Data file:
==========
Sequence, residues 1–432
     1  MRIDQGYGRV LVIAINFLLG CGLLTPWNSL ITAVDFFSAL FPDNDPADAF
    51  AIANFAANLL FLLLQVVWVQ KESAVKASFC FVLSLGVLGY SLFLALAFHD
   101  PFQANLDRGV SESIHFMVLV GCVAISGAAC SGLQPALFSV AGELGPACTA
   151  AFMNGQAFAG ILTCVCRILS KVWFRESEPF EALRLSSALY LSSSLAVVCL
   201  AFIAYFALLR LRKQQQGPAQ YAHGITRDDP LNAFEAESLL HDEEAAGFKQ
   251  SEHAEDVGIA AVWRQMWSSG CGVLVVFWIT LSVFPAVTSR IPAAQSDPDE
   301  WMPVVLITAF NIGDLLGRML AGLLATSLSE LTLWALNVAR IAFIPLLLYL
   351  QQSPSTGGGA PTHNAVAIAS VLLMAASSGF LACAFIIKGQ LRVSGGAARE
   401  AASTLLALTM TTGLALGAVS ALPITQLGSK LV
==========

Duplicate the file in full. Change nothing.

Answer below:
Sequence, residues 1–432
     1  MRIDQGYGRV LVIAINFLLG CGLLTPWNSL ITAVDFFSAL FPDNDPADAF
    51  AIANFAANLL FLLLQVVWVQ KESAVKASFC FVLSLGVLGY SLFLALAFHD
   101  PFQANLDRGV SESIHFMVLV GCVAISGAAC SGLQPALFSV AGELGPACTA
   151  AFMNGQAFAG ILTCVCRILS KVWFRESEPF EALRLSSALY LSSSLAVVCL
   201  AFIAYFALLR LRKQQQGPAQ YAHGITRDDP LNAFEAESLL HDEEAAGFKQ
   251  SEHAEDVGIA AVWRQMWSSG CGVLVVFWIT LSVFPAVTSR IPAAQSDPDE
   301  WMPVVLITAF NIGDLLGRML AGLLATSLSE LTLWALNVAR IAFIPLLLYL
   351  QQSPSTGGGA PTHNAVAIAS VLLMAASSGF LACAFIIKGQ LRVSGGAARE
   401  AASTLLALTM TTGLALGAVS ALPITQLGSK LV